in our science lessons or lunchtimes). As the link progresses
we will deal with topics on Astronomy we have already seen photos
of asteroids from our Japanese friends. The Russians have asked
us to investigate G Alcock, a British astronomer. Although there
are boys involved who are keen, it is the enthusiasm of the girls
which makes it all worth while.
Science doesn't have to be boring it can involve
travel but more importantly it involves people.
We have also had a lady who works at Daresbury
labs talking about careers at the labs. Again exposing pupils
to another way of looking at science.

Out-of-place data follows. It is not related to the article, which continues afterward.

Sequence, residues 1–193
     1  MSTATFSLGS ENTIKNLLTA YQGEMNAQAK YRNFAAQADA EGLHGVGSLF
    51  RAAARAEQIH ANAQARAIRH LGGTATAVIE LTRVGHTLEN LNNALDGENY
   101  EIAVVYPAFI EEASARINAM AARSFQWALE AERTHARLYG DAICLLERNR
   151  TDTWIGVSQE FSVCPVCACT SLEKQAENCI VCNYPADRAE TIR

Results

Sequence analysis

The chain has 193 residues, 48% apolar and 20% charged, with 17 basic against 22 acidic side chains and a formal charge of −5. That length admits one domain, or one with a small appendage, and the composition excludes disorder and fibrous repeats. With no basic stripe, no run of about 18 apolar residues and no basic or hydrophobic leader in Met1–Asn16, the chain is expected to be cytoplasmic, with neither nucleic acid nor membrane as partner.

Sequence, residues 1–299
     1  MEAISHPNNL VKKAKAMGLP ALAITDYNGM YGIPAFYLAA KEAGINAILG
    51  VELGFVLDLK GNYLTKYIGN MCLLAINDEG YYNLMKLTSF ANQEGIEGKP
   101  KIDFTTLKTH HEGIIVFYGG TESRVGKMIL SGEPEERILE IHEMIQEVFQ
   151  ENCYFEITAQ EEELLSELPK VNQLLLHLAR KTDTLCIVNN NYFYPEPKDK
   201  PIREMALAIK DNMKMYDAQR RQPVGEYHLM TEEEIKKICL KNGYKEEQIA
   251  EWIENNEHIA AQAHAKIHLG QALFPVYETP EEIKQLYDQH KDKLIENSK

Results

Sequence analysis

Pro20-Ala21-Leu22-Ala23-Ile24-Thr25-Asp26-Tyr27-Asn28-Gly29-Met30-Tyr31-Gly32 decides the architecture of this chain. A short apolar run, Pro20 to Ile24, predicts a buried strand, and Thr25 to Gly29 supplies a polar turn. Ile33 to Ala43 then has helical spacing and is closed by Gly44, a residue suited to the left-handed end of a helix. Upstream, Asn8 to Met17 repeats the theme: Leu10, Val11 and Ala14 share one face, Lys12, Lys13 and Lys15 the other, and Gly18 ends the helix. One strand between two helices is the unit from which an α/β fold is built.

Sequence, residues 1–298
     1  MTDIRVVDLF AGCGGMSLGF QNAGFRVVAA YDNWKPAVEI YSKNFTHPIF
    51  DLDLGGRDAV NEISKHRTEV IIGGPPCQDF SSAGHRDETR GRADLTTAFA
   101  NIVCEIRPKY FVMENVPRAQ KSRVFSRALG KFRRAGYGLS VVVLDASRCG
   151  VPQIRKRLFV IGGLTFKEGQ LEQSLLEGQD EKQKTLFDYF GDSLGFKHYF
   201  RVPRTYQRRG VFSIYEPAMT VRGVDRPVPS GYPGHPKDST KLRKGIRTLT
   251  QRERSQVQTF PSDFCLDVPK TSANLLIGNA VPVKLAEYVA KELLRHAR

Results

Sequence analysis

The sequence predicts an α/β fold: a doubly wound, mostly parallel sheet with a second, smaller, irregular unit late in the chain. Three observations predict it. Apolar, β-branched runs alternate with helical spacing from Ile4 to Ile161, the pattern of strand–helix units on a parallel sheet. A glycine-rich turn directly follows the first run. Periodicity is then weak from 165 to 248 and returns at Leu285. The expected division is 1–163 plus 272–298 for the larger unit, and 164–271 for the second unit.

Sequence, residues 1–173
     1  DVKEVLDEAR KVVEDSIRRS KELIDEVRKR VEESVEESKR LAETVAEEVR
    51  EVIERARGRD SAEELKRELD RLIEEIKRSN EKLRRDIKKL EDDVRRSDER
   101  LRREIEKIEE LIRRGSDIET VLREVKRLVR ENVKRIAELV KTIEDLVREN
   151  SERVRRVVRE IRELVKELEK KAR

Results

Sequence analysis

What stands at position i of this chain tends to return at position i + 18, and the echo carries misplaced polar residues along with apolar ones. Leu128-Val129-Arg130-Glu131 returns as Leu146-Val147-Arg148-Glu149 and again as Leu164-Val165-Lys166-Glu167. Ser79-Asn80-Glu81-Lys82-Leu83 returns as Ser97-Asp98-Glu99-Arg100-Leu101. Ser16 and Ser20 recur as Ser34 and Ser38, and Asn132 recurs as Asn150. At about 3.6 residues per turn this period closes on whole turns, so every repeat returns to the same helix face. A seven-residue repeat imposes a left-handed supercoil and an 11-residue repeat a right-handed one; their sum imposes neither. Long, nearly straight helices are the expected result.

Unpublished findings from a Study into the Reasons
why girls do not continue in Physics. Conducted at St Peter's
College Oxford 2002
During April to June 2001 I spent a term at
St Peter's College Oxford as a Schoolteacher Fellow. I researched
into reasons why girls drop out from physics at each stage of
the educational process by distributing questionnaires and by
interviewing individuals. I felt that there have been several
studies looking at successful routes taken by women physicists
but little work on why women decide to leave physics at each stage
in higher proportions than men. This leaking sieve situation is
well documented. As women progress to each stage of the educational
ladder they make up a smaller percentage. (With the notable exception
that the fraction staying on to post graduate studies is now encouraging.)
Even now, when all pupils take some physics to the age of 16,
the number of girls taking physics beyond the age of 16 is not